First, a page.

Bennett won 1,302 games with 21 NCAA Tournament appearances with the Bulldogs, including two College World Series appearances. He spent 34 years at the school before retiring after the 2002 season. He was the seventh coach in NCAA history to win at least 1,300 games and ended his career with 26 straight winning seasons.The Fresno Bee reported Bennett had been in the hospital since May 18 following a heart procedure.BOXING-OBIT-CURTIS COKESCurtis Cokes, Hall of Fame welterweight champion, dies at 82DALLAS (AP) — Hall of Fame welterweight Curtis Cokes has died at 82. Associated Press June 1, 2020 VIRUS OUTBREAK-SPORTSNHL plans to test players for COVID-19 daily if games resumeUNDATED (AP) — Major League Baseball’s players have proposed a 114-game regular season, up from 82 in management’s offer.That’s according to a person familiar with the plan who told The Associated Press that the proposal includes no additional pay cuts beyond the one they agreed to in March.Opening day in the coronavirus-delayed season would be June 30 and the regular season would end Oct. 31, nearly five weeks after the Sept. 27 conclusion that MLB’s proposal stuck to from the season’s original schedule. The union offered scheduling flexibility to include more doubleheaders. Share This StoryFacebookTwitteremailPrintLinkedinRedditNASCAR-SUPERMARKET HEROES 500Keselowski wins at BristolBRISTOL, Tenn. (AP) — Brad Keselowski came up with an accidental triumph on Sunday. Cokes took the World Boxing Association welterweight title in a 1966 belt with a unanimous decision over Manny Gonzalez. He added the World Boxing Council crown three months later with a unanimous decision over Jean Josselin in Dallas.Cokes lost the titles to Jose Napoles in 1969. Inducted into the International Boxing Hall of Fame in 2003, the 5-foot-8 Cokes fought 80 times from 1958 to 1972, finishing 62-14-4 with 30 knockouts.Erwin “Sparky” Sparks, Cokes’ partner at the Home of Champions gym, told The Dallas Morning News that Cokes died Friday after a week in hospice.,Tampa Bay Lightning advance to face Dallas Stars in Stanley Cup finals, beating New York Islanders 2-1 in OT in Game 6 Update on the latest sports A player would receive about 70% of his salary under the union plan. MLB’s offer Tuesday included a sliding scale in which those at the $563,500 minimum would get about 47%. Top-salaried players like Mike Trout and Gerrit Cole at $36 million would receive less than 23%.Players are OK with MLB’s plan to increase the number of postseason teams from 10 to 14. Management would expand the postseason for just this year, but the union would like it to run through 2021.In other news related to the coronavirus pandemic:— The NHL has health screening protocols in place for voluntary workouts and training camp in the hands of individual teams. Deputy Commissioner Bill Daly says if play resumes, players would be tested for COVID-19 daily while games are going on. That could require 25,000 to 30,000 tests at a cost of millions of dollars. The league doesn’t expect that amount of testing to interfere with the needs of the general public.— The Major League Soccer Players Association has voted to approve economic concessions for this season, including across-the-board salary cuts. Players also agreed to play in a proposed summer tournament in Orlando, Florida. The proposal was made public by the union Sunday night and will now be sent to back to the league for approval by team owners. UNDATED (AP) — Michael Jordan says he’s “deeply saddened, truly pained and plain angry” following the death of George Floyd and the killings of black people at the hands of police.The former NBA star and current Charlotte Hornets owner issued a statement posted on the Jordan brand’s social media accounts and the team’s Twitter account. Jordan said he sees and feels everyone’s pain, outrage and frustration.“I stand with those who are calling out the ingrained racism and violence toward people of color in our country. We have had enough.“We must listen to each other, show compassion and empathy and never turn our backs on senseless brutality.”In other related developments: — The College Football Hall of Fame is boarded up and assessing damage from a destructive night of protests in downtown Atlanta. The facility’s most valuable trophies and artifacts were moved to a secure facility in case additional trouble breaks out amid nationwide unrest over the death in Minneapolis of George Floyd. Hall chief executive director Kimberly Beaudin said that the extensive glass facade of the nearly 95,000-square-foot building was shattered Friday night.— New York Mets star Pete Alonso has chimed in on the death of Floyd, posting on Instagram that his ‘heart has been broken’ and says he won’t remain silent on the subject. Alonso says he will stand with those who have discriminated against based on the color of their skin. The NL Rookie of the Year says there needs to be change made for the better of humanity.— NFL Commissioner Roger Goodell says an urgent need for action remains following Floyd’s death and the ensuing the protests around the country. In a statement Saturday, Goodell said, “As current events dramatically underscore, there remains much more to do as a country and as a league.” Goodell added that the protesters’ reactions “reflect the pain, anger and frustration that so many of us feel.”— Thabo Sefolosha (TAH’-boh sehf-ah-LOH’-shuh) says watching video of Floyd’s death awakened painful memories of what happened to him five years ago in New York City. The NBA veteran suffered a broken leg and other injuries while being arrested outside a Manhattan nightclub. He later settled a case alleging his civil rights were violated. Sefolosha tells The Associated Press that his leg has healed, but the emotional wounds have not. He says his treatment by police left lasting feelings of anger, frustration and a distrust of law enforcement.— Several German soccer players have joined in protests over Floyd’s death. A Borussia Dortmund player lifted his jersey to reveal a T-shirt with the handwritten message “Justice for George Floyd” on the front. In another game Sunday, a player took a knee. On Saturday a player wore an armband with the handwritten message “Justice for George.” Keselowski inherited his second NASCAR Cup win of the season when Chase Elliott and Joey Logano collided as they raced for the victory at Bristol Motor Speedway.Keselowski was in third with a lap and a turn remaining when he lucked into his second victory in three Cup races. Logano had cleared Elliott for the lead with three laps remaining but Elliott was stalking him while seeking his second win in three days. They made contact in the fourth turn and drifted into the wall. Keselowski slid past for the win.Clint Bowyer gave Ford a 1-2 finish with his best performance in a year. Seven-time NASCAR champion Jimmie Johnson was third in a Chevrolet and once again showed he’s close to snapping his 104-race losing streak. Kyle Busch and Erik Jones rounded out the top-five.MINNEAPOLIS POLICE DEATH-SPORTSJordan saddened, pained and angry following Floyd death — Liverpool manager Juergen Klopp (YUR’-gehn klahp) says having the squad back together is a “massive, massive lift” as his team prepares to wrap up a first league title in 30 years. English soccer has been on hold since mid-March due to the coronavirus pandemic, but the Premier League is set resume June 17. Liverpool has a massive 25-point lead and stepped up preparations by resuming contact training in recent days.— The coach of Italian soccer club Atalanta says he had COVID-19 and was concerned for his life mid-March. Gian Piero Gasperini told the Gazzetta dello Sport that he started feeling sick on March 9, a day before Atalanta played at Valencia in the second leg of the Champions League round of 16. He says that when he returned to Bergamo, which was quickly becoming the epicenter of the pandemic, he didn’t have a fever but “felt destroyed.” The 62-year-old coach quickly recovered and only recently confirmed that he had the virus when the entire team was tested 10 days ago.COLLEGE BASEBALL-OBIT-BENNETTFresno coach Bob Bennett diesFRESNO, Calif. (AP) — Fresno State says its former coach and College Baseball Hall of Famer Bob Bennett has died at 86.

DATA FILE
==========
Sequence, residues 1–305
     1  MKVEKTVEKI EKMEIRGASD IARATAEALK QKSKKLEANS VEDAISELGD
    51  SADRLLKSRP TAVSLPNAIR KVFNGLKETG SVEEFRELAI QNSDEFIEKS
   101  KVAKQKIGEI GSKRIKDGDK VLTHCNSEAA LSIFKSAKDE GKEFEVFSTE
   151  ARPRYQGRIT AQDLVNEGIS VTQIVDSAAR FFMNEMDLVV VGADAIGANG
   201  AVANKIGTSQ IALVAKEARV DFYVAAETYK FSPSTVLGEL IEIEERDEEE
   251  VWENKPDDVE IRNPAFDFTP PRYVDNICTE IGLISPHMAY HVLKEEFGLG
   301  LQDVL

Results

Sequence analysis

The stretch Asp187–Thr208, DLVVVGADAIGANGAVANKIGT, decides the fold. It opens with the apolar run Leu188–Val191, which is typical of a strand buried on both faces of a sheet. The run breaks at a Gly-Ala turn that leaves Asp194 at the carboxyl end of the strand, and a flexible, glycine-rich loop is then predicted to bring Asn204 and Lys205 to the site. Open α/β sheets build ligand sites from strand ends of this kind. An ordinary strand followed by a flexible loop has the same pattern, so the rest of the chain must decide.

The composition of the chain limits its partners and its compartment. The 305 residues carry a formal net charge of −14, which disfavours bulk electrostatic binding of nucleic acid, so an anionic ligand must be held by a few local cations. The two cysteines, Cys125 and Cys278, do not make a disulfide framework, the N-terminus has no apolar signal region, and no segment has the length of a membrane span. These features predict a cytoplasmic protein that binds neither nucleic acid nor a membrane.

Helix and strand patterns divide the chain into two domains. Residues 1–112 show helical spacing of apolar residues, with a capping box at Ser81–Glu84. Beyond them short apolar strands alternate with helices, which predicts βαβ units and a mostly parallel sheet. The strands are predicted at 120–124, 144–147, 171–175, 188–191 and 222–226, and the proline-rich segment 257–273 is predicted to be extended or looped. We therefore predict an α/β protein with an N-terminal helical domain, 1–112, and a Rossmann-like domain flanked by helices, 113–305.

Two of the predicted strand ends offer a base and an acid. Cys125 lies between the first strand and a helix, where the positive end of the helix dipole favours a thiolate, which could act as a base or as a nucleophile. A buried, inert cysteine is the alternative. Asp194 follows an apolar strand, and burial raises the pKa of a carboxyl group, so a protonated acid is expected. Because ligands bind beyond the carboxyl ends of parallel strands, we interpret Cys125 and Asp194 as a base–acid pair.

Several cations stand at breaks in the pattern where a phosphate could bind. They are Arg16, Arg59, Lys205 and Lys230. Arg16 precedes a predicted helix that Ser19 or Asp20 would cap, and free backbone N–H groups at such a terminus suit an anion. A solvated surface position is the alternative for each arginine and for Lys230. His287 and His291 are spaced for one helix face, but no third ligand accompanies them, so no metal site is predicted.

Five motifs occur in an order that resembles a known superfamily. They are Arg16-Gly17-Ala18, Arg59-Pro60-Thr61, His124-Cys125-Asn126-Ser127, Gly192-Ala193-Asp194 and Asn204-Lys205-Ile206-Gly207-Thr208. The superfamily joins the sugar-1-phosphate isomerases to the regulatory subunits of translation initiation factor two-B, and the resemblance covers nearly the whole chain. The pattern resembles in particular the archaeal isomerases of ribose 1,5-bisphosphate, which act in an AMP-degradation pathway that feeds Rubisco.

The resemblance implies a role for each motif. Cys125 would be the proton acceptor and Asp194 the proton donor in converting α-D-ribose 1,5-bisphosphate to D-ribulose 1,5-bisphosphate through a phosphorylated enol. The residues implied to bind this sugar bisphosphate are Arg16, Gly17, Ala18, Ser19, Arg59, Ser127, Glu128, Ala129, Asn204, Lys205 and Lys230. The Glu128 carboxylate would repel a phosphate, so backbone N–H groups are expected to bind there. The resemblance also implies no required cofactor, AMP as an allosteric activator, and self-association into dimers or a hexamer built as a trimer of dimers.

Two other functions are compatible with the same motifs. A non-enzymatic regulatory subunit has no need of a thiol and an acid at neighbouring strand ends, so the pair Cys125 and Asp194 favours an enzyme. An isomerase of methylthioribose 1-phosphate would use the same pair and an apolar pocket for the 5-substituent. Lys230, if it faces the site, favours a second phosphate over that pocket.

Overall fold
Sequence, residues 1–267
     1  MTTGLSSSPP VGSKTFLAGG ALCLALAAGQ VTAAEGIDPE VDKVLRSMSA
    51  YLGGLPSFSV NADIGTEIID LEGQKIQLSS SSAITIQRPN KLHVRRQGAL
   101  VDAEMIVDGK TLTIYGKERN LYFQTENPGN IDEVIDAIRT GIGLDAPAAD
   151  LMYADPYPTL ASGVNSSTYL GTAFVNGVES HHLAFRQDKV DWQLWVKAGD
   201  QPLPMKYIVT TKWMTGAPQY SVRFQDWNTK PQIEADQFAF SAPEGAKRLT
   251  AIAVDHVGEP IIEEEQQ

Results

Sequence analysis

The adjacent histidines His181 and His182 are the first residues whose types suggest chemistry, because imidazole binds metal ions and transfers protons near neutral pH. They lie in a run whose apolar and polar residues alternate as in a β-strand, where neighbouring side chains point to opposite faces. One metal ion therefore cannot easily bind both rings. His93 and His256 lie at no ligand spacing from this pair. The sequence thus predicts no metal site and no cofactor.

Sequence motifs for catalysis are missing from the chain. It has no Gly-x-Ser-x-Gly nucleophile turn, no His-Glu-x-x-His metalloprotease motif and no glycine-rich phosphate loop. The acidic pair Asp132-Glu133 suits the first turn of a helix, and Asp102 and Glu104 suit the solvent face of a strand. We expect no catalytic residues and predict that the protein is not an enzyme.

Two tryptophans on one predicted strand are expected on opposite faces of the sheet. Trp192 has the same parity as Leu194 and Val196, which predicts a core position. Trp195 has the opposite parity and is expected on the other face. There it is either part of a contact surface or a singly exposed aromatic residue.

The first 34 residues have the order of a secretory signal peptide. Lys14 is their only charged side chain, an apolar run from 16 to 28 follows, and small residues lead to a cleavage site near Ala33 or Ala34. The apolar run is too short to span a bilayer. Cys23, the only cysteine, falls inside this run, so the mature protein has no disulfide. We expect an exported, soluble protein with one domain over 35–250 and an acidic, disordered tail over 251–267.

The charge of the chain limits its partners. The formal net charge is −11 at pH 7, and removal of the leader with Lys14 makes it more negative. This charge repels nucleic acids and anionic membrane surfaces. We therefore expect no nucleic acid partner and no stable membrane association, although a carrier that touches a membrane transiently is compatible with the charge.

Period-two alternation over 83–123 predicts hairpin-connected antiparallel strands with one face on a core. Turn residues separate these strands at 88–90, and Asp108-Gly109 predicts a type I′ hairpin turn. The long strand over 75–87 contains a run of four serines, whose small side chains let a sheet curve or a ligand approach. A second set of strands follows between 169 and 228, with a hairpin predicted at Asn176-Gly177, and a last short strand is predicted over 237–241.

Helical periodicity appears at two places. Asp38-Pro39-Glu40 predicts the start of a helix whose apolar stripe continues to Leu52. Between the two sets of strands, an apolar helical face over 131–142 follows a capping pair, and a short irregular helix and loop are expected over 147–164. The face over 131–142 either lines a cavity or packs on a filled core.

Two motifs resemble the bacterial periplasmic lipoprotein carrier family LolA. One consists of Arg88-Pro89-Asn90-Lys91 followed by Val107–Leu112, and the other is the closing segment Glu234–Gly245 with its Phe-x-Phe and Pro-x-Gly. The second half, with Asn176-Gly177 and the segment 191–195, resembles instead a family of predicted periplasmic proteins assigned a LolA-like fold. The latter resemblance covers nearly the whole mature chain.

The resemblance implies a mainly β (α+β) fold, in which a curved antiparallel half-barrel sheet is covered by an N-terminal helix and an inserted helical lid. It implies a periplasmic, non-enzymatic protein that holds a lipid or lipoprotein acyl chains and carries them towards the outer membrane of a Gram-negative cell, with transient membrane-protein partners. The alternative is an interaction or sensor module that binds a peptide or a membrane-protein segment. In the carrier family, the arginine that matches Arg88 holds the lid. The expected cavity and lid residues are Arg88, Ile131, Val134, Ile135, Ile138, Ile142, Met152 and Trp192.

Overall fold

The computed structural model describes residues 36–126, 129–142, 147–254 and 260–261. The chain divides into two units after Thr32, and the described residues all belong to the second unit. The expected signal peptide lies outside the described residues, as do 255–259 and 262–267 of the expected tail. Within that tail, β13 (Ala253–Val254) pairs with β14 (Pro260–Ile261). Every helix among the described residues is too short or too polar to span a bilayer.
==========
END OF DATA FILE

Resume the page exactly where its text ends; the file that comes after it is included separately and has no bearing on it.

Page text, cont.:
Gardai sealed off an area in the Twin Towns last night after the discovery of a man’s body.The body was spotted by a passer-by who alerted the emergency services.The man, who was in his 20s and understood to be from the locality, was found in Drumboe Woods in Stranorlar. Gardai sealed off the area and launched an investigation into the discovery of the body.However, it is understood that foul play is not suspected.GARDAI SEAL OFF AREA AFTER MAN’S BODY DISCOVERED was last modified: May 13th, 2015 by StephenShare this:Click to share on Facebook (Opens in new window)Click to share on Twitter (Opens in new window)Click to share on LinkedIn (Opens in new window)Click to share on Reddit (Opens in new window)Click to share on Pocket (Opens in new window)Click to share on Telegram (Opens in new window)Click to share on WhatsApp (Opens in new window)Click to share on Skype (Opens in new window)Click to print (Opens in new window) Tags:bodyDrumboeGardaiStranorlar